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PostPosted: Tue Jul 24, 2012 4:20 pm 
Retro Guru
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Joined: Wed Apr 25, 2012 2:08 pm
Posts: 2186
Location: Shrewsbury
I'm a big fan of WD40 for general cleaning on rebuilds, plus its good on brake hoods and tyre walls. The snag is I have quite a few ongoing projects. Although I can pick up 2 cans for £5 at the local market, I'm getting through a fair amount.

It crossed my mind that a parts washer 'might' be a good investment, but having never used one, I wondered if anyone else has any experience?

Something like this:
http://www.machinemart.co.uk/shop/produ ... rts-washer


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PostPosted: Thu Jul 26, 2012 1:56 pm 
Gold Trader
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Joined: Sun Jun 22, 2008 1:38 pm
Posts: 1439
Location: OZ
Used one at work BITD, very easy to use

Ultrasonic ones are the shizzle tho :-)

Andy


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PostPosted: Thu Jul 26, 2012 2:00 pm 
Retro Guru

Joined: Tue Dec 20, 2011 2:49 pm
Posts: 276
There is thread over at YACF regarding parts washers.

In a nutshell:
the cheap ones are rubbish
you need to spend >200 to get a decent one
Don't use Iso or white spirit in them (VERY low flash point)

If you can't afford one, wait until the missus has gone out and use the dishwasher :)


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PostPosted: Thu Jul 26, 2012 2:15 pm 
Old School Grand Master
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Joined: Tue Oct 04, 2011 4:15 pm
Posts: 3499
Location: Behind you with the duct tape pulled out.
The one in my uncles garage is sat on a 55gallon drum and uses paraffin. Works well enough but stinks. Unless your doing lots off bits and pieces a good quality degreasant and a toothbrush work best.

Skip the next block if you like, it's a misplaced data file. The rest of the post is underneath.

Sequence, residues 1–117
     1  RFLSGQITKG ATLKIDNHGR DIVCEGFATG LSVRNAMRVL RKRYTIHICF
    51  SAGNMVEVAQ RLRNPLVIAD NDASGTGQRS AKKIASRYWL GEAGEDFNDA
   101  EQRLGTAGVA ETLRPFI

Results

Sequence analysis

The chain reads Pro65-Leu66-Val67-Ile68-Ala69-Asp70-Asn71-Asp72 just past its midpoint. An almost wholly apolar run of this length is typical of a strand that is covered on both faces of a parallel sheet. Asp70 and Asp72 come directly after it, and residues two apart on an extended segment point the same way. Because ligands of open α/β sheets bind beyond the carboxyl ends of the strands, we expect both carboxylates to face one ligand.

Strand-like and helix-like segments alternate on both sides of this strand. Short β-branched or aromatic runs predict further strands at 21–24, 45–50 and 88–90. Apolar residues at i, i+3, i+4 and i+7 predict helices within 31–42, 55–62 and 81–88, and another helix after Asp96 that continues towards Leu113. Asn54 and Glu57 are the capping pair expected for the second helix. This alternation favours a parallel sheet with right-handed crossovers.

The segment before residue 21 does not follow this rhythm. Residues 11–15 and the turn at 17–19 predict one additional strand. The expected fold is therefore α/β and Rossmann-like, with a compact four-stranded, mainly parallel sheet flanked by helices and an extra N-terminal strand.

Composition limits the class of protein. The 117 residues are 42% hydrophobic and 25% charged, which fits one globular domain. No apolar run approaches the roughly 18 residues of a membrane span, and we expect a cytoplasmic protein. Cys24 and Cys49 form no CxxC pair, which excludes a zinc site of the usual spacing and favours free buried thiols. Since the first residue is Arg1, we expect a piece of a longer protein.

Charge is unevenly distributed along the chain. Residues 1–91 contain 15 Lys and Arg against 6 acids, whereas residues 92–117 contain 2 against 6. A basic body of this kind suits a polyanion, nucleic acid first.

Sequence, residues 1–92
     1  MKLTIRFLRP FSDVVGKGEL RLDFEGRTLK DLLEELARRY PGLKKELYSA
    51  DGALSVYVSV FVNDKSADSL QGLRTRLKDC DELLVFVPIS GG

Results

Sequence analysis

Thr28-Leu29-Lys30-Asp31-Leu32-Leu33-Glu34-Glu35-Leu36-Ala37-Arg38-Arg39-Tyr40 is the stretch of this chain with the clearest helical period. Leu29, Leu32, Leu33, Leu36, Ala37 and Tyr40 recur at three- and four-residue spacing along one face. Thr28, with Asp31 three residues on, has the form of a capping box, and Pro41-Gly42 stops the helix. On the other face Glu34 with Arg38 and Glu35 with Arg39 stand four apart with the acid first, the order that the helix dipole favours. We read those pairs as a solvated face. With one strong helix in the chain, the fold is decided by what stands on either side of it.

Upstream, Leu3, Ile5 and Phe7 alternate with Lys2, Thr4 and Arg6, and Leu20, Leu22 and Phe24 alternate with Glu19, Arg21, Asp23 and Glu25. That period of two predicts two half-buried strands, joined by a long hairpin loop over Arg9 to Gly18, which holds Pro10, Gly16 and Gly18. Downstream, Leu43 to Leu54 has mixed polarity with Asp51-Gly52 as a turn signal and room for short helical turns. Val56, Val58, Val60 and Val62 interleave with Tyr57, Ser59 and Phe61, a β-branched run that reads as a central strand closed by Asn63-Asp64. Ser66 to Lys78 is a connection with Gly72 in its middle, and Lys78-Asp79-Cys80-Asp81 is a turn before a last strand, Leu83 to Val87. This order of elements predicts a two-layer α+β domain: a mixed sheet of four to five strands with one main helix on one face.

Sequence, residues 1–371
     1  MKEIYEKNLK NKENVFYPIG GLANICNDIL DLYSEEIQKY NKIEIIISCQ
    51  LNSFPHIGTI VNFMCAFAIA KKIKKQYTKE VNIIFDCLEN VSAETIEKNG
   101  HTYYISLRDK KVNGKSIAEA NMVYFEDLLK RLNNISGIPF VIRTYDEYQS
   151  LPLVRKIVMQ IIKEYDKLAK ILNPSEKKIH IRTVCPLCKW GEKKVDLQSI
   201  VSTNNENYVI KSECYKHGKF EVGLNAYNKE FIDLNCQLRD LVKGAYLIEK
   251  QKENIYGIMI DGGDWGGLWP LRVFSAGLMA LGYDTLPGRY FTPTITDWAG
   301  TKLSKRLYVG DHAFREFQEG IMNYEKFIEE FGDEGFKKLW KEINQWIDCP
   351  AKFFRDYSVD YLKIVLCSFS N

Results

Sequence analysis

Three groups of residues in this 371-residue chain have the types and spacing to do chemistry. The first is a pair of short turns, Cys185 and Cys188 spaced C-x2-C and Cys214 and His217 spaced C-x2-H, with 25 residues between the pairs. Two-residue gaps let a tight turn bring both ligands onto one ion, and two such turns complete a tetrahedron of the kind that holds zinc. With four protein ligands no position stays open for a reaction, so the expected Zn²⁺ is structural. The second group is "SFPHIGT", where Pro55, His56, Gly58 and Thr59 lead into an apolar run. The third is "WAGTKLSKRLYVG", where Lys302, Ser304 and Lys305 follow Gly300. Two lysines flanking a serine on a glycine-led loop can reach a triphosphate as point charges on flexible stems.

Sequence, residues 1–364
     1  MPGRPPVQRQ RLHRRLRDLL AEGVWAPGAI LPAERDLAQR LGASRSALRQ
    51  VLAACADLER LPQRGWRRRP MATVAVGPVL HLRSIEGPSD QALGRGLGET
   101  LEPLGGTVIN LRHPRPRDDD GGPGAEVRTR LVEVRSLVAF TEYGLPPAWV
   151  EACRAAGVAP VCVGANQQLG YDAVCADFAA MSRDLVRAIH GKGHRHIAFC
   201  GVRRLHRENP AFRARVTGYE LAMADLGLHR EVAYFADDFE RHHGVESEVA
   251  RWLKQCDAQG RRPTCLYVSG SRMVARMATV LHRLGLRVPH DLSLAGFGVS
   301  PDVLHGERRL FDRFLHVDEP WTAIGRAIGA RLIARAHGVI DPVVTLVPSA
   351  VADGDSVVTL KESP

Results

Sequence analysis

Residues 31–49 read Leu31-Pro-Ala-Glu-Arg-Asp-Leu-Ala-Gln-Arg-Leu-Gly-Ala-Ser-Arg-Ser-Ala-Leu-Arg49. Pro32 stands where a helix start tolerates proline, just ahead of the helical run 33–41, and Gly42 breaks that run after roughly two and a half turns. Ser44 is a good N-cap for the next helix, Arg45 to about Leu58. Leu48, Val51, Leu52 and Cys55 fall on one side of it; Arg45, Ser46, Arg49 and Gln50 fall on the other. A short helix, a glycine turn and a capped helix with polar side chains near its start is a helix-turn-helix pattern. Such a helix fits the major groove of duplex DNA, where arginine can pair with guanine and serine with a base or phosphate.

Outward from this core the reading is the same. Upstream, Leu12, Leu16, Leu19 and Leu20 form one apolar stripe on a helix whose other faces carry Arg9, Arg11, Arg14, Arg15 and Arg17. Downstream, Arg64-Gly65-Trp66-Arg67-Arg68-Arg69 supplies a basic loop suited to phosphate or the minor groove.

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PostPosted: Thu Jul 26, 2012 2:20 pm 
Old School Grand Master
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Joined: Tue Oct 19, 2010 9:55 am
Posts: 7058
Location: The land of Lea & Perrins
The dishwasher at home works well enough for me.. The only trouble is, it took the finish off my XTR M95X kit.

The good thing was, it made it all look better as it all came out with a lovely matt finish to it, and logos still intact 8)


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PostPosted: Fri Jul 27, 2012 9:09 am 
Retro Guru
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Joined: Wed Apr 25, 2012 2:08 pm
Posts: 2186
Location: Shrewsbury
Thanks for the replies :)

Looks like a non starter, I can see a decent one is going to be £200+ and I hate cheap equipment that's not up to the job!

£200 is a lot of WD40 and toothbrushes.

The dishwasher may be a step to far! The kitchen is often covered in stripped down bike plus there's 4 bikes stored in the conservatory. If my wife opens the dishwasher and finds loads of break calipers and derailleurs I'll be relegated to the shed again :lol:


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PostPosted: Fri Jul 27, 2012 9:50 am 
Retro Guru

Joined: Thu May 03, 2012 7:56 pm
Posts: 264
I would consider giving up with wd40 and just using paraffin. A gallon is maybe 4 quid. Will do the same job.


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PostPosted: Fri Jul 27, 2012 9:53 am 
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Joined: Tue Dec 20, 2011 2:49 pm
Posts: 276
This is apparently very very good, and about the same cost as paraffin, and less nasty to handle/dispose of.


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PostPosted: Fri Jul 27, 2012 11:51 am 
Old School Grand Master
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Joined: Fri Oct 14, 2011 8:41 pm
Posts: 8246
Location: Cumbria
what is better than parrafin.........or is something missing from the above post?

Cheers

Shaun


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PostPosted: Fri Jul 27, 2012 10:03 pm 
retrobike rider
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Joined: Sun Feb 19, 2012 10:08 am
Posts: 6851
Location: Nth Somerset, UK
I have a good parts washer, left over from when I had a little motorcycle business. I hardly ever use it for bicycle bits, as nothing is really ever dirty enough to warrant it, although it is nice to have.

Paraffin, white spirits and very occasionally thinners are my main cleaners / degreasing agents. Not really a great WD40 fan, unless I'm putting a shine on stainless or chromed steel.


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